2. Focus on your goal

One thing people with a fear of public speaking have in common is focusing too much on themselves and the possibility of failure.

Do I look funny? What if I can’t remember what to say? Do I look stupid? Will people listen to me? Does anyone care about what I’m talking about?’

Instead of thinking this way, shift your attention to your one true purpose – contributing something of value to your audience.

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Decide on the progress you’d like your audience to make after your presentation. Notice their movements and expressions to adapt your speech to ensure that they are having a good time to leave the room as better people.

If your own focus isn’t beneficial and what it should be when you’re speaking, then shift it to what does. This is also key to establishing trust during your presentation as the audience can clearly see that you have their interests at heart.[1]

3. Convert negativity to positivity

There are two sides constantly battling inside of us – one is filled with strength and courage while the other is doubt and insecurities. Which one will you feed?

‘What if I mess up this speech? What if I’m not funny enough? What if I forget what to say?’

It’s no wonder why many of us are uncomfortable giving a presentation. All we do is bring ourselves down before we got a chance to prove ourselves. This is also known as a self-fulfilling prophecy – a belief that comes true because we are acting as if it already is. If you think you’re incompetent, then it will eventually become true.

Motivational coaches tout that positive mantras and affirmations tend to boost your confidents for the moments that matter most. Say to yourself: “I’ll ace this speech and I can do it!”

Take advantage of your adrenaline rush to encourage positive outcome rather than thinking of the negative ‘what ifs’.

Here’s a video of Psychologist Kelly McGonigal who encourages her audience to turn stress into something positive as well as provide methods on how to cope with it:

4. Understand your content

Knowing your content at your fingertips helps reduce your anxiety because there is one less thing to worry about. One way to get there is to practice numerous times before your actual speech.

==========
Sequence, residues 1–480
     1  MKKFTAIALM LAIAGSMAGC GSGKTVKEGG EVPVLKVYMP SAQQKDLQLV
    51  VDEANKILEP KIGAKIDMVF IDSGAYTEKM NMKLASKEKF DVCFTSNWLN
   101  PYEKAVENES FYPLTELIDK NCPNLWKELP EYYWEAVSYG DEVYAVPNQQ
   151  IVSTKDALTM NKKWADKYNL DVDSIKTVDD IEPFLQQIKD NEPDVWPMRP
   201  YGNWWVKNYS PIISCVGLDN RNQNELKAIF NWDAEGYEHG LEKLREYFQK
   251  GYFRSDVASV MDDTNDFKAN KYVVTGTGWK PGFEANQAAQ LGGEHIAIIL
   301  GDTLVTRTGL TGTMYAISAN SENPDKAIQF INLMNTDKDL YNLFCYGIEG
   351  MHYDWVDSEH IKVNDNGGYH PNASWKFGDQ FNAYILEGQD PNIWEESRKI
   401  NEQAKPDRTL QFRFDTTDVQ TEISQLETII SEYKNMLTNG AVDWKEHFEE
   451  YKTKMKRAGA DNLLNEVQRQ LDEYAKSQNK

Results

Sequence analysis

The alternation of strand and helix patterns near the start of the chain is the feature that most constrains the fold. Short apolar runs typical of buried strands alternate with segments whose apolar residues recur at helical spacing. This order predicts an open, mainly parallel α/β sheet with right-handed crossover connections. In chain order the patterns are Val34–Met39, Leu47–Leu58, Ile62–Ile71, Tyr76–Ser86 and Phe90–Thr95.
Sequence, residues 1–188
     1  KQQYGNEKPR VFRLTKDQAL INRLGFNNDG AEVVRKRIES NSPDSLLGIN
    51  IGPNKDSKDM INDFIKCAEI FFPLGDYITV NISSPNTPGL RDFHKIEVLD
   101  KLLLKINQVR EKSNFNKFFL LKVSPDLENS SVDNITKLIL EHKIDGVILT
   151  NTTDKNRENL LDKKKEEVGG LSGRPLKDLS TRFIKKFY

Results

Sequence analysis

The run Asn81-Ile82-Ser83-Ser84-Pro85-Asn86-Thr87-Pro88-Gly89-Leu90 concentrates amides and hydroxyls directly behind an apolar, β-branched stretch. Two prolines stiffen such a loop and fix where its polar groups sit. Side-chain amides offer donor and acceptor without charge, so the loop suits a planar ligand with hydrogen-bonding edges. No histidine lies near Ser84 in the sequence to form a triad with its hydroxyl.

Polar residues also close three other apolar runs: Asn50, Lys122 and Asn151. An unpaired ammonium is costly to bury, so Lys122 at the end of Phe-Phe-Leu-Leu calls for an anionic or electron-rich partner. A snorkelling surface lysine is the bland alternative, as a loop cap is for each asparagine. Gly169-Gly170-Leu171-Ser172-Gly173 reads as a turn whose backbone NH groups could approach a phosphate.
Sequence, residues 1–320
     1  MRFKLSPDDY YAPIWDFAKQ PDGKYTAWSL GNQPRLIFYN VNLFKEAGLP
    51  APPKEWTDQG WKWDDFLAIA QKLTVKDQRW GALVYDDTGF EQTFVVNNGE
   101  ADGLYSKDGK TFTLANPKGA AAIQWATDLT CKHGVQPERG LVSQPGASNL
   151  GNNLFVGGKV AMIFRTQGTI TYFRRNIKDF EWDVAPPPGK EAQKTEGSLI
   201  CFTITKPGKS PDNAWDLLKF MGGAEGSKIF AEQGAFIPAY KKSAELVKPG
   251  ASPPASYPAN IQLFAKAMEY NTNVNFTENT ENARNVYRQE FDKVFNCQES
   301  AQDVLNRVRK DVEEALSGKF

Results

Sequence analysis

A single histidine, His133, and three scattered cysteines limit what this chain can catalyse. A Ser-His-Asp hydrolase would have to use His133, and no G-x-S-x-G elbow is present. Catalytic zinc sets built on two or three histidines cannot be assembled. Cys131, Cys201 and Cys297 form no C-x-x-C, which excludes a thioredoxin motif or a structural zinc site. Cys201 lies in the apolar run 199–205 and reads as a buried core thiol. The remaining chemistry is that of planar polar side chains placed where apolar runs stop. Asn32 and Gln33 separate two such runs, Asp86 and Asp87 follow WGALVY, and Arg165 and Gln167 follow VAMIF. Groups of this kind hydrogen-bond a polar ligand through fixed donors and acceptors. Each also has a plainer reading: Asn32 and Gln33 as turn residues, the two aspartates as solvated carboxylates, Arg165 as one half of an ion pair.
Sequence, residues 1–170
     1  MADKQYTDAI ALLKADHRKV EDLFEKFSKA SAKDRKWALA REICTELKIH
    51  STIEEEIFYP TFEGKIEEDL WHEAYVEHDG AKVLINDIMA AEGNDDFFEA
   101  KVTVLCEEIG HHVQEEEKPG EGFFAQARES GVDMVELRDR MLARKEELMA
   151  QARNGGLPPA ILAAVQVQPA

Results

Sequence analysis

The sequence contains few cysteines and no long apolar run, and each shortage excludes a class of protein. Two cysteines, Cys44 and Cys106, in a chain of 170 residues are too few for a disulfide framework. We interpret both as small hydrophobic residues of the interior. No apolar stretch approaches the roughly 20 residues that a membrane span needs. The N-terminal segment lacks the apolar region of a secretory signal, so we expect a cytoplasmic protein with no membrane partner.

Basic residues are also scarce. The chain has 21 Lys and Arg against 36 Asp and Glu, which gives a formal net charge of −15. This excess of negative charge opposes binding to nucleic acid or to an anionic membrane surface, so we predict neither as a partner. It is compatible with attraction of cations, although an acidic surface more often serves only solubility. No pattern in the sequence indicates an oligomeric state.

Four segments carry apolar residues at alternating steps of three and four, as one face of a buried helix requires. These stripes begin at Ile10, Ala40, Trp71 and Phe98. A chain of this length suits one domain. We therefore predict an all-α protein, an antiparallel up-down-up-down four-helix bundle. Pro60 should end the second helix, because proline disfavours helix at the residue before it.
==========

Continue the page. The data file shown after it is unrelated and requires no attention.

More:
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However, memorizing your script word-for-word is not encouraged. You can end up freezing should you forget something. You’ll also risk sounding unnatural and less approachable.

“No amount of reading or memorizing will make you successful in life. It is the understanding and the application of wise thought that counts.” – Bob Proctor

Many people unconsciously make the mistake of reading from their slides or memorizing their script word-for-word without understanding their content – a definite way to stress themselves out.

Understanding your speech flow and content makes it easier for you to convert ideas and concepts into your own words which you can then clearly explain to others in a conversational manner. Designing your slides to include text prompts is also an easy hack to ensure you get to quickly recall your flow when your mind goes blank.[2]

One way to understand is to memorize the over-arching concepts or ideas in your pitch. It helps you speak more naturally and let your personality shine through. It’s almost like taking your audience on a journey with a few key milestones.

5. Practice makes perfect

Like most people, many of us are not naturally attuned to public speaking. Rarely do individuals walk up to a large audience and present flawlessly without any research and preparation.